Afghan Taliban announces death of Haqqani network founder
Jalaluddin was from among the great distinguished personalities of this era, the Taliban said.
KABUL (AFP) - The founder of the Haqqani network, one of Afghanistan s most effective and feared militant groups, has died after a long illness, their affiliates the Afghan Taliban announced Tuesday. Jalaluddin Haqqani, whose son Sirajuddin now heads the group and is also the Taliban’s deputy leader, died "after a long battle with illness", the Taliban said in a statement.
Jalaluddin Haqqani and the network have been actively involved in various incidents of international significance. Photo: AFP
Jalaluddin "was from among the great distinguished militant personalities of this era", the Taliban said in a statement posted on Twitter. During the 1980s the Haqqani figurehead was an Afghan mujahideen commander fighting the Soviet occupation of Afghanistan with the help of the US and Pakistan.
He gained notoriety for his organization and bravery, garnering attention from the CIA and a personal visit from US congressman Charlie Wilson. A fluent Arabic speaker, Jalaluddin also fostered close ties with Arab jihadists, including Osama Bin Laden, who flocked to the region during the war. Later, Jalaluddin became a minister in the Taliban regime.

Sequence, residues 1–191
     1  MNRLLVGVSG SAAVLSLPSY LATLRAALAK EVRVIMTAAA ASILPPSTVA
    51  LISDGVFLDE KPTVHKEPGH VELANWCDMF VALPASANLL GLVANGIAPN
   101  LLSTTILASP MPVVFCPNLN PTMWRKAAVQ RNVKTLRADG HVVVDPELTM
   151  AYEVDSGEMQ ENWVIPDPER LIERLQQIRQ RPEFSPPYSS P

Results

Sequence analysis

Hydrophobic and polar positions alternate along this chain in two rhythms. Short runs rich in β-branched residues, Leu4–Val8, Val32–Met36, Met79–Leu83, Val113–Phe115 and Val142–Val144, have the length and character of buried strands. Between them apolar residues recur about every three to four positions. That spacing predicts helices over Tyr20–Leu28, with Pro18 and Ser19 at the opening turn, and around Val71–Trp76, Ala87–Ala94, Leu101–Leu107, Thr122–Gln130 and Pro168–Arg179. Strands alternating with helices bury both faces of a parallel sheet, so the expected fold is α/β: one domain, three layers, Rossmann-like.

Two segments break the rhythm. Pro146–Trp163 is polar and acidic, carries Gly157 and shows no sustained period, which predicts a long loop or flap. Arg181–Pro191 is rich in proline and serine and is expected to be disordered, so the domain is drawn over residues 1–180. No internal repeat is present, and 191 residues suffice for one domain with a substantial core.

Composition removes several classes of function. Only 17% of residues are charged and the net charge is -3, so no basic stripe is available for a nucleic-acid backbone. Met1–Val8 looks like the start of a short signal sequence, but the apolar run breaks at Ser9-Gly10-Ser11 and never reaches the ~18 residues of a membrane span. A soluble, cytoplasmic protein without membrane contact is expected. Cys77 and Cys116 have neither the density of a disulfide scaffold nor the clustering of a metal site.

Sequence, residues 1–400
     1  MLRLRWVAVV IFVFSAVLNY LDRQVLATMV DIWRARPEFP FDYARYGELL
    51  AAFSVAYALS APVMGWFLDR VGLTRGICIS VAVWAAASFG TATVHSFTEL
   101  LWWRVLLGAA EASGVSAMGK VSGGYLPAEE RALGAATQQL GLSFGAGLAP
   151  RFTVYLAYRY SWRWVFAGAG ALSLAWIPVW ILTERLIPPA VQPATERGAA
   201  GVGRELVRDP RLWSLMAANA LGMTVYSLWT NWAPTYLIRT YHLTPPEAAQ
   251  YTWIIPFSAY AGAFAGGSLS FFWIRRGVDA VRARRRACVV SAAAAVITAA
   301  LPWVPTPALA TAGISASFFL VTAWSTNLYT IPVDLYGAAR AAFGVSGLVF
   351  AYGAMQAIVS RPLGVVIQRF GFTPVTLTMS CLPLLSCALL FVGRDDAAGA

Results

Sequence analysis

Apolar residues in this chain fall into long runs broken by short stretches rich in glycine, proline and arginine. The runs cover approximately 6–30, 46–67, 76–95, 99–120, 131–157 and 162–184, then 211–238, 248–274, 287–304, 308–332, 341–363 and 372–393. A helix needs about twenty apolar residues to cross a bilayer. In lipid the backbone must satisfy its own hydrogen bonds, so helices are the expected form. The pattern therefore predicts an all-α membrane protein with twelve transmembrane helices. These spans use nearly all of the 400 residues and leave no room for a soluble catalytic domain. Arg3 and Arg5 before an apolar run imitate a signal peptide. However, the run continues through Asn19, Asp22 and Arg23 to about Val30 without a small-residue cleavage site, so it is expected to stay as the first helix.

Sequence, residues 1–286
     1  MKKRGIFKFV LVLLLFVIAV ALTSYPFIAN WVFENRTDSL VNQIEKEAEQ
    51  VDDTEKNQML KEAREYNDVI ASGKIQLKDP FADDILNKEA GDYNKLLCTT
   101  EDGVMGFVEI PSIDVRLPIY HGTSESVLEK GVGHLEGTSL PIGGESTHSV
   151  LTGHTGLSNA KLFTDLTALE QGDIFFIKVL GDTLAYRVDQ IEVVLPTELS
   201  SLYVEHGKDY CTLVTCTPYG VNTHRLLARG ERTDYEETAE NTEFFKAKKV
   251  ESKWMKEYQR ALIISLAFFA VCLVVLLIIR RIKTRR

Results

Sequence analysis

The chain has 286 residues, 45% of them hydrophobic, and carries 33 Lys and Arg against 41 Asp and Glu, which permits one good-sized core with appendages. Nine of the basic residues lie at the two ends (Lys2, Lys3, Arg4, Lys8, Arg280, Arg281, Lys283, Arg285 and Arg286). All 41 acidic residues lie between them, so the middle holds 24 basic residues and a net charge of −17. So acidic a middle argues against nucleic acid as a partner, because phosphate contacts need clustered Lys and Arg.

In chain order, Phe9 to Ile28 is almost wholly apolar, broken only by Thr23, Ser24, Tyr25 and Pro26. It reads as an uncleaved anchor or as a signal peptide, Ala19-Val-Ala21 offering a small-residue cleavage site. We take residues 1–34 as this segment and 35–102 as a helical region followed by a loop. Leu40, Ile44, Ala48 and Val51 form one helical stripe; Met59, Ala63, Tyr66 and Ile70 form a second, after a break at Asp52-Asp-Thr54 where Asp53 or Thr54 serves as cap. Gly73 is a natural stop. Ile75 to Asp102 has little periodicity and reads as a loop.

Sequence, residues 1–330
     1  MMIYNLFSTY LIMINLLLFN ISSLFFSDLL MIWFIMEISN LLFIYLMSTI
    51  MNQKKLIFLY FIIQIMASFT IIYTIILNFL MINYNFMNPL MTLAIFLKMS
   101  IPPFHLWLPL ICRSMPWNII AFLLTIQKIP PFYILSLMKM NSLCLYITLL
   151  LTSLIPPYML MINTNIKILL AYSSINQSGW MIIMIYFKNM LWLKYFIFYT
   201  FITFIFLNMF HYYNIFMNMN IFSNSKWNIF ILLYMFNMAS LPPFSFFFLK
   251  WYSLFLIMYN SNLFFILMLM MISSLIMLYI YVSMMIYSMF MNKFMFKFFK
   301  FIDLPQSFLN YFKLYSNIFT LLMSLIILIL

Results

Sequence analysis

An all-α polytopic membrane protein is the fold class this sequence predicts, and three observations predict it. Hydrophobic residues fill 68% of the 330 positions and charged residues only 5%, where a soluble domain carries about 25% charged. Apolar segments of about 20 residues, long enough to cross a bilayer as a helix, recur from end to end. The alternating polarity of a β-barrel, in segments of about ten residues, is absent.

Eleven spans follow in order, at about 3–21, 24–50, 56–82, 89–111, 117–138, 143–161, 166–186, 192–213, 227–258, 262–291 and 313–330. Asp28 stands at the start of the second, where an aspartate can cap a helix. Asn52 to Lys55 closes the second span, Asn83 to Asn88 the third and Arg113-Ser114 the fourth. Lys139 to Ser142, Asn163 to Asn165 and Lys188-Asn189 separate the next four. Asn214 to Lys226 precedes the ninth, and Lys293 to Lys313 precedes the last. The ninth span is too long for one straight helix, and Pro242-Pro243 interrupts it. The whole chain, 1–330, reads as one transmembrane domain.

Jalaluddin Haqqani, friends with Osama Bin Laden, right, has died aged 79. Photo: File
It was not clear when or where Jalaluddin died or what illness he had. In 2008 and 2015 there were rumors of his death. He was believed to be in his early eighties.
Unverified reports have placed him in Pakistan in recent years.
Given the already leading role played by his son, it is not clear what Jalaluddin’s demise will mean for the extremist group.
The Haqqani network has been blamed for spectacular attacks across Afghanistan since the US invasion.
It is also widely believed to have been behind many of the recent attacks in the capital Kabul that were claimed by the local wing of the Islamic State group.
Analysts believe it works with IS -- which at the same time is involved in a turf war with the Taliban -- to avoid blame and political blow back.
Designated a terrorist group by the US, the Haqqanis are known for their heavy use of suicide bombers.
They were blamed for the devastating truck bomb in the heart of Kabul in May 2017 that killed around 150 people -- though Sirajuddin later denied the accusation in a rare audio message. The network has also been accused of assassinating top Afghan officials and holding kidnapped Westerners for ransom.
A doctor treating & a Journalist from amrc interviewing commander Jalaluddin Haqqani in Khost Province. Photo: File
They include the Canadian Joshua Boyle, his American wife Caitlan Coleman, and their three children -- all born in captivity -- who were released last year, as well as US soldier Bowe Bergdahl, who was freed in 2014. Analysts and diplomats downplayed the significance of his death for the group’s operations.
commander Jalaluddin Haqqani with American President Ronald Regen. Photo: File